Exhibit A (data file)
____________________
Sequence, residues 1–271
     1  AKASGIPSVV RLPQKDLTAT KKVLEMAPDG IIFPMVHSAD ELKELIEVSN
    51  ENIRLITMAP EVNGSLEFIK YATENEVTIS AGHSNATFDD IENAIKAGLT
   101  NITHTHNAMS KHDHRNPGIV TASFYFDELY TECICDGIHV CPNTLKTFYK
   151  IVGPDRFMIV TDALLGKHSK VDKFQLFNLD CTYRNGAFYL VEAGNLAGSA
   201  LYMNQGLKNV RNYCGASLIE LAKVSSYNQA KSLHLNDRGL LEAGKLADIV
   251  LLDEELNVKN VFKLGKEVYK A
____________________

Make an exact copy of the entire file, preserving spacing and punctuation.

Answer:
Sequence, residues 1–271
     1  AKASGIPSVV RLPQKDLTAT KKVLEMAPDG IIFPMVHSAD ELKELIEVSN
    51  ENIRLITMAP EVNGSLEFIK YATENEVTIS AGHSNATFDD IENAIKAGLT
   101  NITHTHNAMS KHDHRNPGIV TASFYFDELY TECICDGIHV CPNTLKTFYK
   151  IVGPDRFMIV TDALLGKHSK VDKFQLFNLD CTYRNGAFYL VEAGNLAGSA
   201  LYMNQGLKNV RNYCGASLIE LAKVSSYNQA KSLHLNDRGL LEAGKLADIV
   251  LLDEELNVKN VFKLGKEVYK A